John Bruton: Syrian history key to current conflict

It’s important to see the civil war in Syria, which has caused so much death and devastation in recent years, in the context of Syrian history, says John Bruton
John Bruton: Syrian history key to current conflict

It is important to see the civil war in Syria, that has killed 300,000 people and driven millions from their homes, against the background of Syrian history.

Before its boundaries were created by a deal between the French and the British in 1916, present day Syria was not a natural political unit at all.

It was part of a much wider Arabic speaking “Greater Syria”, which included the entire area from Palestine to the Turkish border, and from the Mediterranean as far as the Iranian border with Iraq.

Uniting “Greater Syria” has been a longstanding theme of Arab politics. The subsequent history of relations between the newly created Syria and France has been troubled. After the First World War, France was awarded a League of Nations responsibility to administer present day Syria, with a mandate to prepare it for full independence.

Britain was awarded a similar mandate for the area that is now occupied by Israel/Palestine, Jordan and Iraq. Both mandates covered an area that had hitherto been part of the defeated Ottoman Empire.

Both Britain and France were rivals for regional influence, and both wanted to retain as much control as possible in their own hands. Neither France nor Britain moved with any swiftness to guide the territories in their charge towards independence.

France had to suppress a major revolt against its rule in Syria in the 1925 to 1927 period, and it used brutal tactics in that war. In 1939, France handed over part of its mandated Syrian territory to Turkey to buy Turkish neutrality in the coming war with Nazi Germany.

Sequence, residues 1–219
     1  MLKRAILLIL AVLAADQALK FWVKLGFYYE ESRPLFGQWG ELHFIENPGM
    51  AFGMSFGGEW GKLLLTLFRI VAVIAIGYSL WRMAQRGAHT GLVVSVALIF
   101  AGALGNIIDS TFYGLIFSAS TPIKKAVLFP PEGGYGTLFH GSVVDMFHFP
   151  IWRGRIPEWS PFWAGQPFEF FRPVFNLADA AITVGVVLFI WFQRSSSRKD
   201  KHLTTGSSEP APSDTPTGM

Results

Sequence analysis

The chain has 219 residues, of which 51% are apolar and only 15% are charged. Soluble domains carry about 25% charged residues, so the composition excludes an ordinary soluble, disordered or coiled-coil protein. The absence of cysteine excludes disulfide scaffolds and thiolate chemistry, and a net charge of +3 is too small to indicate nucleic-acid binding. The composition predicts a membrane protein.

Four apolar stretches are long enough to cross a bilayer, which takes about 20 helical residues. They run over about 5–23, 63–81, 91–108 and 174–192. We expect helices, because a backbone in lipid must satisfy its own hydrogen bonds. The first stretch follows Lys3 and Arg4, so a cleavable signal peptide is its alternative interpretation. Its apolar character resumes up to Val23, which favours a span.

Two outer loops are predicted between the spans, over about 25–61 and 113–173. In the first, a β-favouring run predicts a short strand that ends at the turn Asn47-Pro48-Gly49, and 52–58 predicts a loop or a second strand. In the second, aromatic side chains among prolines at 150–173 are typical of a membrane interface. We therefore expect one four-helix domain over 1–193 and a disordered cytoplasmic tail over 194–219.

Even at the end of the Second World War, France still wanted to hang onto Syria, and was engaged in hostilities with Syrians seeking independence as late as May 1945. Syria finally got full independence later that year.

Initially it had a parliamentary democracy of sorts, but this was gradually replaced by military regimes.

The parliamentary regime proved too weak to cope with the external threat posed by the rise of Israel. After the 1948 war with Israel, which was taking over what most Syrians would have seen as part of “Greater Syria”, the Syrian Army had to be increased in size and strength.

The army’s increasing involvement in politics brought new groups into power in Syria, but it also weakened the army itself, because of factionalism and politically motivated purges.

This weakness was exposed when Syria lost the Golan Heights to Israeli occupation, when it was defeated in the 1967 war. That led, indirectly, to the takeover of the state by Hafez Al Assad, a former army officer, of Alawite religion, who had been Minister for Defence in 1967. Assad was a ruthless pragmatist and held power for 30 years.

When Hafez al Assad died in 2000, he was succeeded by his son, Bashir, who is married to a Sunni and favoured liberalising the regime, but gave up due to resistance from vested interests.

The eventual rebellion against him was sparked by a minor enough incident in March 2011, when some children were arrested and detained for writing anti regime graffiti on a wall in a town near the Jordanian border.

The conflict with Israel contributed, from its beginning in the late 1940s, to the militarisation of the Syrian regime. The continuing occupation of Syrian territory by Israel added to a sense of siege.

All of Syria’s neighbours are using the current civil war to pursue their own agendas. Although some of the parties in the war, like Daesh (Islamic State), proclaim their Islamic faith, the majority of the victims of this appalling war are other Muslims.

There are so many parties involved in this civil war that even a temporary truce would be very hard to negotiate. Localised humanitarian truces may be the best one can hope for.

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